Giving Richard heart failure again! In the back of my head I’m hearing “BE CAREFUL!”
A little fun with black and white. The Merlion is a gorgeous monument on the Singapore River at the mouth of the harbour. The tallest building directly behind the Merlion is the Maybank tower.
Trying to imitate the Merlion!
The requisite selfie! If you saw the movie ‘Crazy Rich Asians’ the Merlion makes an appearance as the movie was filmed in Singapore.
The Esplanade - Theatres on the Bay which is a performing arts centre completed in 2001 and located in the downtown core of Singapore. The concert hall seats 1,827 and has room for 1,950, if the venue is used as a theatre.
Our next stop was to get over to this gorgeous spot!
The Marina Bay Sands resort again designed by Moshe Safdie, whose work we saw yesterday at the Rain Vortex at Jewel at Singapore Airport.
We walked back to Raffles Place MRT stop and got on the red line for one stop to Marina Bay, and then transferred to the brown line, to get off at Gardens by the Sea.
Figuring out our MRT transfer with Margaret.
When we exited the MRT we were at Gardens by the Bay, Bay South and had quite a long walk along the waterfront promenade to get to Gardens by the Bay. There is a difference and we probably should have exited at Marina Bay on the red line instead of going all the way to Gardens by the Bay station on the brown line. Oh well, we were getting our steps in!
The waterfront promenade was absolutely gorgeous and because we were so early, there were not many people around.
Mother & Child bronze by sculptor Dr. Ng Eng Teng from Singapore.
The ‘Singapore Flyer’ perfectly framing a building in the Central Business District. The Flyer was opened in 2008 and has 28 air conditioned capsules each able to accommodate 28 passengers. The Flyer was the largest ferris wheel in the world until the 9 foot higher ‘High Roller’ in Las Vegas opened in 2014. The Flyer was closed for renovations when we were in port. To the right of the photo, where the green space is located, was where we played golf at Marina Sands Golf Club.
Richard with the Raptor at Gardens by the Bay.
Gardens by the Bay is home to over 200 sculptures from around the world. We did not have time to try and visit many of the sculptures today, but what we did see was very interesting!
Some of the sculptures we did see at Marina Bay without going to look for them! I liked the guy on his cell phone leaning on the lion’s back, obviously not a sculpture but hey? Even a sculpture comes in handy now and again!
What we really wanted to see at Gardens by the Bay, the 250 acre park adjacent to the Marina Reservoir in downtown Singapore, was the ‘Supertree Grove’.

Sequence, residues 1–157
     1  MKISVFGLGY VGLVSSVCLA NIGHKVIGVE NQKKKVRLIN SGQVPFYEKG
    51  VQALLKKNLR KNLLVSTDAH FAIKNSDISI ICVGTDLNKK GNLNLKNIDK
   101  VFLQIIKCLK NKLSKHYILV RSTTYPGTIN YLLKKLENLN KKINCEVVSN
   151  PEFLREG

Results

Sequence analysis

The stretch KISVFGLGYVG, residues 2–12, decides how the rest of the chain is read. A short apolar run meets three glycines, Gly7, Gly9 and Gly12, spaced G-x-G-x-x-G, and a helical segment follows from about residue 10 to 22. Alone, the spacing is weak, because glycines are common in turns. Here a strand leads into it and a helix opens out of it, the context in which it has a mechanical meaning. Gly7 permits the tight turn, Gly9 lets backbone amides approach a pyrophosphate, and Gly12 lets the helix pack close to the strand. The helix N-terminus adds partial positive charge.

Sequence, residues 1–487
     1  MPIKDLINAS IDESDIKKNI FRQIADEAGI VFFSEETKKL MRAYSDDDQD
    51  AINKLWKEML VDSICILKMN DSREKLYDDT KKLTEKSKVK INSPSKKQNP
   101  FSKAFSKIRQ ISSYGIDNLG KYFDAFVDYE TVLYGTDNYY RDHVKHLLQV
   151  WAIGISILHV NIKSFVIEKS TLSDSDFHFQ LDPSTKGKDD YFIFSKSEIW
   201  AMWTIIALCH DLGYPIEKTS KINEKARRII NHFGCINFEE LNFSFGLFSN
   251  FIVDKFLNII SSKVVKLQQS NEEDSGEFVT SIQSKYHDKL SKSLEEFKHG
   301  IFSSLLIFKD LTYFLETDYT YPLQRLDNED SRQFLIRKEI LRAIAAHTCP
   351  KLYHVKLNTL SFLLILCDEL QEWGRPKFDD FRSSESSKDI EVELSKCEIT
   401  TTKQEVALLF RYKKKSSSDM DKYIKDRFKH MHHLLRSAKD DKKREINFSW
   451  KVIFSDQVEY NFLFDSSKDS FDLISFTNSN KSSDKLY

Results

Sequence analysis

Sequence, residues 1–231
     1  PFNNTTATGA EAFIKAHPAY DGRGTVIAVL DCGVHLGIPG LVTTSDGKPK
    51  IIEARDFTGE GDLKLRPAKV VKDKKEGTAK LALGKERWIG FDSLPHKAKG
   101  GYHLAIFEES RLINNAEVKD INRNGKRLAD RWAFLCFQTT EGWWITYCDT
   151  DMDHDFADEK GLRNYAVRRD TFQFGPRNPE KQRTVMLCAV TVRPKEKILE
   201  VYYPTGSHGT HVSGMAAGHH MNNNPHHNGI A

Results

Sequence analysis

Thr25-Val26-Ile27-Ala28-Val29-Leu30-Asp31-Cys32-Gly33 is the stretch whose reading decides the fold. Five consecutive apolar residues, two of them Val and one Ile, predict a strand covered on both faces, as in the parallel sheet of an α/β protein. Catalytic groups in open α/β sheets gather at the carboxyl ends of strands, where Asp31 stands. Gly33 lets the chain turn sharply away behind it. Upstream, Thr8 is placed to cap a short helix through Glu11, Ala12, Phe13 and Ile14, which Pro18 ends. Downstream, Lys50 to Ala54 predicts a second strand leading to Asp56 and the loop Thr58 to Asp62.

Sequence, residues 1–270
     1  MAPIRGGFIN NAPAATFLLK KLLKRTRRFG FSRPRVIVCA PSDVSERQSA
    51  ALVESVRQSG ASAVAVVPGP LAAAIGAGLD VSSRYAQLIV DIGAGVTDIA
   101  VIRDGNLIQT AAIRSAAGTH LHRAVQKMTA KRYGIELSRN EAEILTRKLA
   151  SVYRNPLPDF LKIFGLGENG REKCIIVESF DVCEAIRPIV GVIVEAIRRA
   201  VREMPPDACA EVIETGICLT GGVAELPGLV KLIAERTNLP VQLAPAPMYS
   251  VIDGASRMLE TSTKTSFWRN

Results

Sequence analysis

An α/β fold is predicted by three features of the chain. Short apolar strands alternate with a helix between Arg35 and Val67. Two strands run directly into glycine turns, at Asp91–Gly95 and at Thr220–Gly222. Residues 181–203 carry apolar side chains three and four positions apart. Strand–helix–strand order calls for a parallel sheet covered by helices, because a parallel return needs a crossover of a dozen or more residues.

Supertree Grove in Gardens by the Bay, Singapore. You can just glimpse a bit of the pink tree grove from this photo.
I will do almost anything to get the ’shot’, including lying down on a wet stone bench!
Supertrees! This is what. I was shooting from the bench.
The Supertree Grove is made up of 18 tree-like structures that dominate the Gardens landscape with heights that range from 82 feet to 160 feet. They are vertical gardens that perform a multitude of functions, which include plantings, shading and working as environmental engines for the gardens. The Supertrees are home to unique and exotic ferns, vines orchids and lots of bromeliads. The trees are fitted with environmental technologies that mimic the ecological function of trees; photovoltaic cells that harness solar energy which can be used for some of the functions of the Supertrees (lighting) similar to how trees photosynthesize and collect rain water for use in irrigation. The Supertrees also serve as air intake and exhaust functions as part of the surrounding conservatories cooling systems.
Irrigation pipe on the Supertree and bromeliads growing on the side of the Supertree in planting bags.
Air plants growing on the side of the Supertrees.
We saw that there was a walkway we could go up to get a better view of the Supertree forest, as well as have a great view of the skyline of Singapore. We were able to use our phones to scan the QR code for the admittance fee and then pay with a credit card to ride the elevator up to the Overseas-Chinese Banking Corporation (OCBC) Skyway.
Heading up the elevator to the Skyway. My Mazda CX-50 backpack that Richard is carrying which Mazda Canada gave me last summer sure has come in handy on days when we do not want to bring Richard’s big pack back. The Mazda backpack is as light as air and I use it for carrying my golf shoes when we go golfing too. Its important to have a light bag with all of the day trip travelling we are doing!
Look! A cruise ship, but not our cruise ship. This is a much bigger ship, so it has a different place to dock in Singapore.
Taking in the view of the magnificent Marina Bay Sands Hotel.
A great view of the OCBC Skyway.